From their positions atop the hills, Crazy Horse’s warriors opened fire on the troops. Crook immediately had his men form a defensive line around the horses and mules, while other soldiers went ahead and set the Indian village ablaze. The general then ordered some of his troops into skirmish lines to advance toward the warriors. Four companies of infantry led the way, with dismounted troopers from three cavalry regiments following. As the troops came within range, the Indians rained gunfire down on them, but the troops answered with a furious volume of fire and kept on coming. After 45 minutes of steady fighting, the troops drove most of the warriors from their positions on the hills. But some of the Lakotas held their ground, and at one point they charged Lt. Col. William Royall’s 3rd Cavalry, on the perimeter of Crook’s line. It took a well-aimed fusillade to drive them away.
The battle cost the lives of two cavalrymen and one of Crook’s scouts, Charles ‘Buffalo Chips’ White, but the outnumbered Indians, who had an estimated 10 killed, could not defeat the soldiers. That night, Crook’s men ate well while camping near the smoldering ruin that had once been American Horse’s village. When the bluecoats pulled out on September 10 and headed toward the Black Hills, Crazy Horse had his warriors keep up a running fight. On September 15, Crook finally reached a supply column in the Black Hills and was no doubt glad to have Crazy Horse out of his hair.
The September 9 Battle of Slim Buttes (fought near present-day Reva, S.D.) marked the first time since the late June fight at the Little Bighorn that Crazy Horse had fought soldiers in large numbers. During those couple of months in between, avoiding a fight with the bluecoats had not been difficult. After learning of Lt. Col. George Custer’s shocking defeat, Generals Crook and Alfred Terry had been unwilling to take on the Lakotas until reinforcements had arrived. Meanwhile, the Lakotas had kept on the move, traveling mostly east and burning the grass behind them to deny forage to the horses of any soldiers who might follow.
After the Battle of Slim Buttes, Crazy Horse and his people went west to the Tongue River. They settled in for the winter near Hanging Woman Creek. ‘It snowed much; game was hard to find, and it was a hungry time for us,’ recalled Oglala holy man Black Elk, who was Crazy Horse’s cousin through marriage and just a teenager in 1876. ‘Ponies died, and we ate them. They died because the snow froze hard and they could not find enough grass that was left in the valleys and there was not enough cottonwood to feed them all. There had been thousands of us together that summer, but there were not two thousand now.’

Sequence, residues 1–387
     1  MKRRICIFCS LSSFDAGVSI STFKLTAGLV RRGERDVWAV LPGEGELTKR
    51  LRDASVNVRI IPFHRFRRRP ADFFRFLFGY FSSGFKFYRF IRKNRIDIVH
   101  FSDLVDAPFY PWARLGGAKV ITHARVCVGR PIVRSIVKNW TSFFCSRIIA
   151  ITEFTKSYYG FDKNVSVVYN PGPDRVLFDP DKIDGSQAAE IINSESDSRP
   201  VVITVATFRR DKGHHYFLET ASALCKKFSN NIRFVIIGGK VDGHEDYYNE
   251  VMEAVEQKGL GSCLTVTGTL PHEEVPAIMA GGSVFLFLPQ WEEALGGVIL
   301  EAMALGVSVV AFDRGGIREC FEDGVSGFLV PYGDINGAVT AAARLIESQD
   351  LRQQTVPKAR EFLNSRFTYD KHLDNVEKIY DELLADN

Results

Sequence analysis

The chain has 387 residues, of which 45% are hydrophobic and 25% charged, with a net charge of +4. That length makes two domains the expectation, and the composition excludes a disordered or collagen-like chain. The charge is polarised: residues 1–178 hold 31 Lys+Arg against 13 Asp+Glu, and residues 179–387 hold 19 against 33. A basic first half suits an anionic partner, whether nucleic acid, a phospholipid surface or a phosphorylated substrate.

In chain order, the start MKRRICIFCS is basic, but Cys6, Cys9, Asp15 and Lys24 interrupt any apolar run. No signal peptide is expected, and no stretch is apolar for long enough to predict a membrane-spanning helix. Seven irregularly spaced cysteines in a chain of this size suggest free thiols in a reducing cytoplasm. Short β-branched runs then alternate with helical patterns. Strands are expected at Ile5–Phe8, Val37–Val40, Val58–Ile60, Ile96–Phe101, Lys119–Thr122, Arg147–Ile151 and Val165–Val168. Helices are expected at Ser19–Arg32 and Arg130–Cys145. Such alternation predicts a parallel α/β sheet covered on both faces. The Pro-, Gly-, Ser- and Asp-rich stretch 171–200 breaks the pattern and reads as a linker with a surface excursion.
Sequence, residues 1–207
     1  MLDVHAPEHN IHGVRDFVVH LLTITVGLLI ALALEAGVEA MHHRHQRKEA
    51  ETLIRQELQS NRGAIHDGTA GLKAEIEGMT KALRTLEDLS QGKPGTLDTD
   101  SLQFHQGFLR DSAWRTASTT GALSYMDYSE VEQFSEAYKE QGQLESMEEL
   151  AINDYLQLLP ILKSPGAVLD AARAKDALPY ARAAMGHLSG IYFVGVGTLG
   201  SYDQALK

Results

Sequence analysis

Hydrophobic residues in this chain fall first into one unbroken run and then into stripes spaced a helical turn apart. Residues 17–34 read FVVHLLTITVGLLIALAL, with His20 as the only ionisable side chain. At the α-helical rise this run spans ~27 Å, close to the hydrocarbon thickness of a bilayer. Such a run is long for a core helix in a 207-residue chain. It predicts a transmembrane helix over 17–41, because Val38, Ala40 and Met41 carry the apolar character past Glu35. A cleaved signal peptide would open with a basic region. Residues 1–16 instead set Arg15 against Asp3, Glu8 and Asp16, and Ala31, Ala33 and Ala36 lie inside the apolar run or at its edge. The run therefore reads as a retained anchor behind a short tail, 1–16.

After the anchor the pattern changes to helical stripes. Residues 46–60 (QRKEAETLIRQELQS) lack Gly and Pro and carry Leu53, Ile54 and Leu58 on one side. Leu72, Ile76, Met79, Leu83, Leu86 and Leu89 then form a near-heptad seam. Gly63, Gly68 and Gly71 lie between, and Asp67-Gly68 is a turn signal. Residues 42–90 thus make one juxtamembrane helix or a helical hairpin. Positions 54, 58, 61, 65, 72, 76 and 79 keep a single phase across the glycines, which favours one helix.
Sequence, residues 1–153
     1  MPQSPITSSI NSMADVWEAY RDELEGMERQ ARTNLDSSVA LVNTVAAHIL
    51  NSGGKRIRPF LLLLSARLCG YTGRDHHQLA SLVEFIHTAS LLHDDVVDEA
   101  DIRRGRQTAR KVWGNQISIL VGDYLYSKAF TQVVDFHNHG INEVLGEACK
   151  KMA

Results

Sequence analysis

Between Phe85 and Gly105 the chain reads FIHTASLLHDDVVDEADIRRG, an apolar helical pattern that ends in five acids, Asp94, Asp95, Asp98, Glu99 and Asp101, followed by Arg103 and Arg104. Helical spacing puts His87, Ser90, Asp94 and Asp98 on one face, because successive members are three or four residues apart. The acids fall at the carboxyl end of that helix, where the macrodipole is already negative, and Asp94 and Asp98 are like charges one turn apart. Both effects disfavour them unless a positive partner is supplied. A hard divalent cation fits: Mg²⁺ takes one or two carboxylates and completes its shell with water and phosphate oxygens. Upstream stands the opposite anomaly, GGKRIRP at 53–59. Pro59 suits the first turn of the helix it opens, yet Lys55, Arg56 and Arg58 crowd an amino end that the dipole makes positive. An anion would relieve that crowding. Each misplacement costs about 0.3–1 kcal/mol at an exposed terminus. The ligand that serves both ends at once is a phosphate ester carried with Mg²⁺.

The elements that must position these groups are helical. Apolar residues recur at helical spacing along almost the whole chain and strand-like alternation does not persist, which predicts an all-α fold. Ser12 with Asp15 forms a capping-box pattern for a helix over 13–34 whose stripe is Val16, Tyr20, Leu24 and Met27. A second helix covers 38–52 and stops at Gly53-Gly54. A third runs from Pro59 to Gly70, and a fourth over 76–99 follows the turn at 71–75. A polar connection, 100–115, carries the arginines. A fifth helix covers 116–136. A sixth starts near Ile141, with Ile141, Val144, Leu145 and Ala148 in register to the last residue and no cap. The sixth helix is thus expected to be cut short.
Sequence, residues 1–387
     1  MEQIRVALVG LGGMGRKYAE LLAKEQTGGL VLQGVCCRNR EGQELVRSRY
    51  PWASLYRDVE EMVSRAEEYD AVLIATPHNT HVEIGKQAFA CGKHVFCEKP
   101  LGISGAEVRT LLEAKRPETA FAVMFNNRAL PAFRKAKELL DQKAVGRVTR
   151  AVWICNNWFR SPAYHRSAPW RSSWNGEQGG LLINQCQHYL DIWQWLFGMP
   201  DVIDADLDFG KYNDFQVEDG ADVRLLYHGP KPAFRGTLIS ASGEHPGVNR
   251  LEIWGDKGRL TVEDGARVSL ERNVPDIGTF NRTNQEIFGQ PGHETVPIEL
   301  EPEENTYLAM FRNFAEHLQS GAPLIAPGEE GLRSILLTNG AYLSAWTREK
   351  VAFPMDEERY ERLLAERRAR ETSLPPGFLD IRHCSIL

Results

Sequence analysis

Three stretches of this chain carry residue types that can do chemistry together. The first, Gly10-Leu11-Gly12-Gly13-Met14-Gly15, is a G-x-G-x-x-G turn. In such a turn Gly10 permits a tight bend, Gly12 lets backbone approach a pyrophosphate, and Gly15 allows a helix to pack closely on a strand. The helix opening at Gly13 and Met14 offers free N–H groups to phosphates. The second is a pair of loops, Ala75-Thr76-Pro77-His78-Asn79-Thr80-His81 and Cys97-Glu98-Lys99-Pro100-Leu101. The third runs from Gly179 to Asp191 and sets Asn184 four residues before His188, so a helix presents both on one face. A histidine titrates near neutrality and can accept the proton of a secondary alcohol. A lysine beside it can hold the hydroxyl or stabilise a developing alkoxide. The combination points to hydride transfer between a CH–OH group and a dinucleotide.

Crazy Horse knew not only of Crook but also of Colonel Nelson A. Miles, who had established a cantonment at the mouth of the Tongue River (and would soon build Fort Keogh nearby). Miles, a veteran of the Red River War in Texas, had effectively campaigned against Sitting Bull and the Hunkpapa Lakotas in October and November. By mid-December, Crazy Horse had come to agree with those Lakota leaders who said it was in their best interests to talk peace with Miles. A delegation of 25 Lakotas and Northern Cheyennes made the trip. As they drew close to Cantonment Tongue River, five of them went ahead, carrying two white flags of truce. To reach Miles’ headquarters, the peacemakers had to pass through a camp of Crow scouts. The Crows greeted the Lakotas, shaking their hands, but then, without warning, one of the Crows pulled a pistol and shot the Minneconjou Gets Fat With Beef. The Crows surrounded the others and killed them too.
The murders did not sit well with Miles, who ordered the remaining Crows disarmed and their horses seized. He sent the Lakotas the guns and the horses and a letter of apology, assuring them that the white men had nothing to do with the killings. Crazy Horse did not buy it. Clearly, the whites still could not be trusted, and he wanted revenge. Most of the other Indian leaders agreed with him. They held a council and decided to send a decoy party to draw the soldiers away from the post and into an ambush by the main body of warriors. A similar Lakota tactic at Fort Phil Kearney in 1866 had enabled Crazy Horse and friends to annihilate Captain William Fetterman’s force in the Fetterman Fight (also known as the Fetterman Massacre).